Some thoughts on the benefit of showing vs telling.
I was at PyCon last month to present on contracts and testing, and naturally the "what do you do" question came up a lot. When I mention formal methods people want me to justify why it's useful. I'm sure a lot of you have run into a similar problem, where it's really hard to explain to people why they should be writing specifications. The discussions go around in circles, where I'd raise issues like race conditions and liveness and people would object "I'd catch that with unit tests!" Most of the people who don't say that just dismiss TLA+ as purely academic.
Eventually I'd be able to convince them to sit through a quick demo. The one I use is concurrent bank account transfers: it's a relatable problem, the algorithm is extremely simple, and the invariants are intuitive. I walk them through the syntax, set up a model, and show how TLC can find a concurrency bug (nonatomic guard clauses can overdraft an account) and a liveness bug (money can leak if the spec isn't declared fair).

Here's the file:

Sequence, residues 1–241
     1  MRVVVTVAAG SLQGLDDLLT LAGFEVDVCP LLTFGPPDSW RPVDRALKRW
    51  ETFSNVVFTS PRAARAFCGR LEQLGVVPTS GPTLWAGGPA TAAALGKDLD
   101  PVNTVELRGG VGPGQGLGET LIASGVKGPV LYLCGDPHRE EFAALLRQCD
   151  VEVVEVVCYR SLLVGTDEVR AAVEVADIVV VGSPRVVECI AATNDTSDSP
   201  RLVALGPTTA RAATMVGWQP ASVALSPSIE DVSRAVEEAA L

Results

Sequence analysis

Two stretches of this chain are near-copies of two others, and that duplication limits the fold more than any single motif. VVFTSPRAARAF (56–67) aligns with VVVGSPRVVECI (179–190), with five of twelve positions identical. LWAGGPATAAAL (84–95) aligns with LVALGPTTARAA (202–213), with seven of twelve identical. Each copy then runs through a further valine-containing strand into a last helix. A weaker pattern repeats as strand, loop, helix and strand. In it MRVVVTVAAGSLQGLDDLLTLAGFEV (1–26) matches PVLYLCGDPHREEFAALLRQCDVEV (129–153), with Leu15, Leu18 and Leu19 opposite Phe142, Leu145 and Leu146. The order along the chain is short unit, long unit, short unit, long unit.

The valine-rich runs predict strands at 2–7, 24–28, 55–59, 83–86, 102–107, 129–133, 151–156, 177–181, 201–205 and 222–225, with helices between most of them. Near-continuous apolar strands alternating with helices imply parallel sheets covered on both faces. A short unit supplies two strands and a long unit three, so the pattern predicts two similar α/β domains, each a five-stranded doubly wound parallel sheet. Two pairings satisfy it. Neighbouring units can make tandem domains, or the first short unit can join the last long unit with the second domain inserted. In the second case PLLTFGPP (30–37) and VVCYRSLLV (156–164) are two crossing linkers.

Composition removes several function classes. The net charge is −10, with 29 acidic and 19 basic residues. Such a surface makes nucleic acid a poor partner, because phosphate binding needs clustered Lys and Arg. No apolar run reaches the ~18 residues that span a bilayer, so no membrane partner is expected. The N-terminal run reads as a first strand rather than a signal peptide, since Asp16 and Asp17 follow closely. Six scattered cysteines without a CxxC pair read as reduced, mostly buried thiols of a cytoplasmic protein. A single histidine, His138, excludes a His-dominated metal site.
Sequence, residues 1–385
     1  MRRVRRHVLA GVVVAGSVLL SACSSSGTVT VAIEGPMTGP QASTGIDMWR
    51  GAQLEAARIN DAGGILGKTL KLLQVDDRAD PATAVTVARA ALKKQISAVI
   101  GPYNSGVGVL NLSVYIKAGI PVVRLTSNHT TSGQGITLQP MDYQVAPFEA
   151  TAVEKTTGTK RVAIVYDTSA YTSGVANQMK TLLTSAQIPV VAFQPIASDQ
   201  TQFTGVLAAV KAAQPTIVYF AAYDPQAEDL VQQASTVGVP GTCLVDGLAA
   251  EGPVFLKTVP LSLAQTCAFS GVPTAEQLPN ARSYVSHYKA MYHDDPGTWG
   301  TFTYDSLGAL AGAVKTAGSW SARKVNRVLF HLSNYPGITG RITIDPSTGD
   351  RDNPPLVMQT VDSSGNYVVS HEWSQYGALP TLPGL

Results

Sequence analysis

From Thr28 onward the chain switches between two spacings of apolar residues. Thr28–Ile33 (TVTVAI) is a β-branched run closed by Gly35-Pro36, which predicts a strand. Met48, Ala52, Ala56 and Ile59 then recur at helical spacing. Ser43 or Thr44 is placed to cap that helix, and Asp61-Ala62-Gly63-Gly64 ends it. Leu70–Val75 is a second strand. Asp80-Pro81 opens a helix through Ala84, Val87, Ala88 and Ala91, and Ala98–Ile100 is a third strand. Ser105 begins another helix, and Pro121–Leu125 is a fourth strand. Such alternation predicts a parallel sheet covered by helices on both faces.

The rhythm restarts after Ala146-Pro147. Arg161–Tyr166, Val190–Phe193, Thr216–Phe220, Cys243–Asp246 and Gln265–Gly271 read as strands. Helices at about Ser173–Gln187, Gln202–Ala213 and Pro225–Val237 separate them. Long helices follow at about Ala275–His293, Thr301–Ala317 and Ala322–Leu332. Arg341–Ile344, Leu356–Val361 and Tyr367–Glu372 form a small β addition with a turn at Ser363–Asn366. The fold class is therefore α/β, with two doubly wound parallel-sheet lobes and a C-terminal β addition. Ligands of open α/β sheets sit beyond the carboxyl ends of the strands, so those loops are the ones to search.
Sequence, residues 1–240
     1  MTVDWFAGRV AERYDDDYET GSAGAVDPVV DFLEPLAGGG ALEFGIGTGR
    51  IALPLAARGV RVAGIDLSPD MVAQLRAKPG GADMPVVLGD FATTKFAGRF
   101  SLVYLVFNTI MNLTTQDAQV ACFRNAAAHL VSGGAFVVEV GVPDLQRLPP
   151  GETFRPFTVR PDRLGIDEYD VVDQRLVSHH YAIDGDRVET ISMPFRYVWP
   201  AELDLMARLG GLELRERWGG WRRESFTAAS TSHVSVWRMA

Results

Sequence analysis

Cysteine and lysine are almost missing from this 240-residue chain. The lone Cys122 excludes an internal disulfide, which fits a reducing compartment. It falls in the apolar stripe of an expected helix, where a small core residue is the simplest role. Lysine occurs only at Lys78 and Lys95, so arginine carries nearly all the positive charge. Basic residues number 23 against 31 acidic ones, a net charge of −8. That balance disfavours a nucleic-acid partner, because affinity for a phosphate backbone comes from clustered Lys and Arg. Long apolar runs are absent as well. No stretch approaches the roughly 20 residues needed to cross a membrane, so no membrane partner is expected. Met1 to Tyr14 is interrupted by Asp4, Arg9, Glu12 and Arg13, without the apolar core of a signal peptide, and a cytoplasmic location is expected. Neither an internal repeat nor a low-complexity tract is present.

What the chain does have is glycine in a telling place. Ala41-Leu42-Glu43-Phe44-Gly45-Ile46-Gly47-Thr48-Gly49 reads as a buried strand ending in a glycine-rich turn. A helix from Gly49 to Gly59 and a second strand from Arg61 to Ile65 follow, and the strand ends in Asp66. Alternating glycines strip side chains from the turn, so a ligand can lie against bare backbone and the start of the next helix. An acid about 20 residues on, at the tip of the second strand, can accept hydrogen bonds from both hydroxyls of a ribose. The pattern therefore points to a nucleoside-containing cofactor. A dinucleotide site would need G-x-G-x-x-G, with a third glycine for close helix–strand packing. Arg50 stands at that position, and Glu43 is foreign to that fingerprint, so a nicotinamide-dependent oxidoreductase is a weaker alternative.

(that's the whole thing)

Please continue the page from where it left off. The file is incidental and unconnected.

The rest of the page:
The demo works really, really
well. Almost everyone went straight from "who cares?" to "holy crap". People immediately start talking about problems they had at work and asking how TLA+ can help them with that. And it's not just conventional software engineers: I got questions about devops and deployments, data ETLs, security, workflow validation, etc. It's really amazing how excited
people get once they see it actually run.
(Not that telling was entirely ineffective. Jay Parlar and I hosted a formal methods open sessions that got around 30 people. Everybody seemed to really enjoy that; Jay is much better at explaining w/o demos than I am.)
When it comes to persuading people to try TLA+, what's worked for you?